Madras couple on Flight For Freedom to New York
Cate & Steve Evers
Wanting to do something to help New York following the Sept. 11 terrorist attacks on the World Trade Center, Cate and Steve Evers of Madras were among the Oregonians on the Flight For Freedom excursion to New York City.
Between Oct. 4 and 11, 950 Oregonians aboard 62 flights (with other passengers) streamed into New York in an effort to encourage other Americans to begin flying again, and to help New York City's devastated economy with their tourism dollars.
The Everses had postponed a vacation to San Diego following the Sept. 11 attack, and almost the next day saw an article in the Oregonian about the Flight For Freedom, which was trying to gather 200 people for the trip.
"We wanted to do something productive for New York rather than just send money," Steve said.
They e-mailed to let the organizers know they were interested and learned the response had been so great that people had to be turned away.
The airlines welcomed the effort and supported it with reduced fares. As the Everses boarded their first flight, they realized just how hard hit the airlines were.
"It was sad. There were only six passengers on the flight out of Redmond. I'm really concerned whether or not Redmond will be able to continue the service," Cate said.
In Portland, United Airlines said the announcement about the Flight For Freedom was the first good news they had been able to give their crews.
In New York, the famed Waldorf-Astoria Hotel also gave the Oregonians greatly discounted room rates. "We were clueless about the Waldorf-Astoria," Cate laughed, admitting she and Steve weren't aware of its reputation for high-class luxury.
After checking out the hotel's website, Cate told her husband, "We'd better dress differently."
When Oregonians began arriving Saturday, Oct. 6, an appreciative hotel employee told the Everses it was the first time the hotel had been full since Sept. 11.
That night they attended a reception with New York Mayor Rudolph Giuliani, representatives from the New York police and fire departments, and Portland Mayor Vera Katz and other dignitaries.
On Sunday, they attended an ecumenical service in Union Square where Vera Katz and the mayor of Eugene spoke. Memorial wreaths made of Douglas Fir boughs from Oregon were presented at the service.
After the service, Cate's niece, who lives just outside of New York, met them and gave them a tour of Rockefeller Center. Ironically, the Everses found out later, that was the building where a letter containing anthrax disease was delivered to Tom Brokaw's office.
Oregonians were also given discount tickets to see two Broadway plays, since the lack of tourists was causing castmembers to be laid off. Cate and Steve chose to see "Kiss Me Kate," and said, in an unusual gesture of thanks, the whole cast signed programs for the Oregonians after the show.
People had to sign up for the different events, and they missed out on attending a 10-course Chinese dinner aimed at getting the group to visit Chinatown, which was also suffering from lack of tourists.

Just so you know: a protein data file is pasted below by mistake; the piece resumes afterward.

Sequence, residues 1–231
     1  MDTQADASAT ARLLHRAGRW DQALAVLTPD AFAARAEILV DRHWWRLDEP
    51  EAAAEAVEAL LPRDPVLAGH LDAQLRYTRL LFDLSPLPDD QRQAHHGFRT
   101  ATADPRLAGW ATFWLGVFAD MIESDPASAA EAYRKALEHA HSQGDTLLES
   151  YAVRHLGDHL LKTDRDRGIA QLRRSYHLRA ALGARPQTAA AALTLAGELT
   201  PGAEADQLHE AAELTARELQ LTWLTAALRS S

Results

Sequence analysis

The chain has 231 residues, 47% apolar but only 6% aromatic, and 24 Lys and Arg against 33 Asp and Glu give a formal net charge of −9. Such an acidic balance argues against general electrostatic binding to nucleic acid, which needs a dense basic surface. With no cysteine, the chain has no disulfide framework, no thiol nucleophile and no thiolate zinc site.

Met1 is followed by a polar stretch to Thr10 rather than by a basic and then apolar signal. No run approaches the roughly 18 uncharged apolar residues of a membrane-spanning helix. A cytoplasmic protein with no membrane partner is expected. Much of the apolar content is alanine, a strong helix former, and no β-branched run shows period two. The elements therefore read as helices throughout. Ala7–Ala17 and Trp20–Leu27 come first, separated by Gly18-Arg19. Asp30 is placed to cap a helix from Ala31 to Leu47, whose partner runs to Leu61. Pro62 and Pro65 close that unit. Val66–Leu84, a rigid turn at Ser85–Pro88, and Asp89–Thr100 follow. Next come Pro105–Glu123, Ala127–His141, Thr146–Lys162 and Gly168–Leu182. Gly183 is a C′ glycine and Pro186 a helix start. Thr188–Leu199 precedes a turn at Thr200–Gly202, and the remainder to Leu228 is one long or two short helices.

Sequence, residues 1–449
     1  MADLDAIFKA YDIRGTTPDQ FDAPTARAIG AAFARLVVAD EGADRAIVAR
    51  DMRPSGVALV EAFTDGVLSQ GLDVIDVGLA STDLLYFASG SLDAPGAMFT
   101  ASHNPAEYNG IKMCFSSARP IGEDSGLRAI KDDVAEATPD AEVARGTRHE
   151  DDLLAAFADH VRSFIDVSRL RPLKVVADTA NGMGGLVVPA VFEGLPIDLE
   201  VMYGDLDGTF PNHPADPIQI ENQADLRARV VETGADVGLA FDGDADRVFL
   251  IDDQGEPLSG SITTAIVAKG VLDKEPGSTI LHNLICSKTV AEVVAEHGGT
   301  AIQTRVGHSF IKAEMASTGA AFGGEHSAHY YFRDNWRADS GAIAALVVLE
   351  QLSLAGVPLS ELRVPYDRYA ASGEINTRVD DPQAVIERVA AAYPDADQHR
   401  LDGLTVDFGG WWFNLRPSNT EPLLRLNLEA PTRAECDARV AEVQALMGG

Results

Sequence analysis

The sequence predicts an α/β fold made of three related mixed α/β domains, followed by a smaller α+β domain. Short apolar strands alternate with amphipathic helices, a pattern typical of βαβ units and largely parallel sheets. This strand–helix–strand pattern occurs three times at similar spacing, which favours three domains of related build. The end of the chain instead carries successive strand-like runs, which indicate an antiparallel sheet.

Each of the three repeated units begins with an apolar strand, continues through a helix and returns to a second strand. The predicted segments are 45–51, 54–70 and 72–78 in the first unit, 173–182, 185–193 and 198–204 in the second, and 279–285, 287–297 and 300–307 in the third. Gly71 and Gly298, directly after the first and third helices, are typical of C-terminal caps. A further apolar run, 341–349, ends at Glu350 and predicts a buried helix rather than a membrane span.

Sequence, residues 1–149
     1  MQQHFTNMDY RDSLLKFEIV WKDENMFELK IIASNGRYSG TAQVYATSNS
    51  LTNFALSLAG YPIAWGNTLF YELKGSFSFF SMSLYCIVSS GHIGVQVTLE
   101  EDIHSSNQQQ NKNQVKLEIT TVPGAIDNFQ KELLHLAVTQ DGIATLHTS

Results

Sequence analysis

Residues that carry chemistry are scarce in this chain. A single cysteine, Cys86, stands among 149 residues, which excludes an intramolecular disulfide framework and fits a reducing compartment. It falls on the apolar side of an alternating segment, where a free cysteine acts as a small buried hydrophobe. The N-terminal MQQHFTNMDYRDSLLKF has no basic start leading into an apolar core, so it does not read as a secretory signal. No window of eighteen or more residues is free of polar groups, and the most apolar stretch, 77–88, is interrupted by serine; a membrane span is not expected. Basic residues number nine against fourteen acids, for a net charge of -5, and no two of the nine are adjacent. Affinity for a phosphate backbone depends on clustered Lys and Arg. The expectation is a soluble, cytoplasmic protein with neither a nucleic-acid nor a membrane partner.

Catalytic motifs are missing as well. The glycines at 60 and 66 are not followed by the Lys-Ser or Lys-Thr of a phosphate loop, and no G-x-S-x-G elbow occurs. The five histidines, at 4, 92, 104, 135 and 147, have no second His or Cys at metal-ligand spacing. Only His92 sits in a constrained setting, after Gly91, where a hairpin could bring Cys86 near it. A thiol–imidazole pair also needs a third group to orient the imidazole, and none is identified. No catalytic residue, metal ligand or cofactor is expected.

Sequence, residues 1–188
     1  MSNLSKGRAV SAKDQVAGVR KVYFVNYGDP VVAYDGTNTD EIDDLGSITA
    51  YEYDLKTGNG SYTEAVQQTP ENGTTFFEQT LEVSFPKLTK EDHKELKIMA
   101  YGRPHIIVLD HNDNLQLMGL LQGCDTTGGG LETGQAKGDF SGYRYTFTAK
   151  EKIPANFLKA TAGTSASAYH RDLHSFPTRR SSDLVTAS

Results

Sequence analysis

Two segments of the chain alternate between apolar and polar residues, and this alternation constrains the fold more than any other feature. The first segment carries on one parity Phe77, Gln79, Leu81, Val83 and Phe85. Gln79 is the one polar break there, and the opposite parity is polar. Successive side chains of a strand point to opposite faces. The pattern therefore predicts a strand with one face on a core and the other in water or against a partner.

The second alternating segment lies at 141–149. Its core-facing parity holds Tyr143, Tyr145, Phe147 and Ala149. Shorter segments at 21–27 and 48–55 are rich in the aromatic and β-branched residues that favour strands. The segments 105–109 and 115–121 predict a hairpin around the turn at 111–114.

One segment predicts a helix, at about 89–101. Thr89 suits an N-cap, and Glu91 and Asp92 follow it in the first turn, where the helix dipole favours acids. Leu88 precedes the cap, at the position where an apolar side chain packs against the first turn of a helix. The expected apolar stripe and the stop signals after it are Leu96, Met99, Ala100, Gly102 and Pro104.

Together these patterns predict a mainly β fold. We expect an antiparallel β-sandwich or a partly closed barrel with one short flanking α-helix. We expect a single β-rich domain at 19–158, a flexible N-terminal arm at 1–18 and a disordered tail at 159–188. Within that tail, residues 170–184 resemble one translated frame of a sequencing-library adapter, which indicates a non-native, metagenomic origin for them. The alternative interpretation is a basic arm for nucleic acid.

Instead, the Everses went out to dinner in Little Italy and said people thanked them for being there and supporting their business.
They had all been given "Oregon Loves New York" T-shirts and buttons to wear and the word about the Oregonians spread quickly.
"Every time we rode the subway with our buttons people would come up and shake our hands," Steve related.
They had been scheduled to appear on the "Today Show" TV program on Monday, but that was the day America started bombing Afghanistan, so the appearance was canceled. Some Oregonians did appear on an NBC TV show.
"At that point, the security at the hotel changed. Where there had been four entrances to the hotel before, there was only one and we had to have photo I.D. and a room key to get in," Steve said.
Despite security concerns, New Yorkers decided to go ahead with their traditional Columbus Day Parade, which all 950 Oregonians marched in. Some carried "Oregon Loves New York" posters made by Oregon school children and everyone wore their T-shirts. Crowds of New Yorkers packed both sides of the city streets for 30 blocks.
"The parade was the highlight of the trip because of the response of the people. They were all yelling `thank you Oregon' and people were crying, shaking our hands, and hugging us," Steve said.
The Waldorf-Astoria was only three blocks from where the World Trade Towers had stood. So, that afternoon the Everses walked by themselves to see Ground Zero.
"It was very sobering. We were so depressed we didn't take many photos. The (surrounding) buildings were so burned and obviously going to collapse," Cate said, adding, "Seeing it was not as impressive as the smell. It was still burning and had the smell of death."
Steve said what depressed him was "the knowledge that there was a huge building there, that dwarfed the others, and now it was gone and 6,000 people had died."
Memorial photos and signs were posted on walls around the area, and they also heard stories about some of the survivors. Cate, who used to raise guide dogs for the blind, related, "There was a blind man and guide dog on the 50th floor who was evacuated down the stairs to safety by his dog."
Later they walked across the Brooklyn Bridge, from which they could spot the Statue of Liberty. They noted Ellis Island was shut down Oct. 2, for security reasons and tourists aren't allowed to go there anymore.
Back in Madras last week, the couple said the Flight For Freedom was an experience they will never forget.
"It was neat. We saw so many different races in New York, I've come to appreciate how diverse our country is," Steve observed.
Cate said the trip made them want to return to New York. "We'd like to spend six months there and really explore it," she said.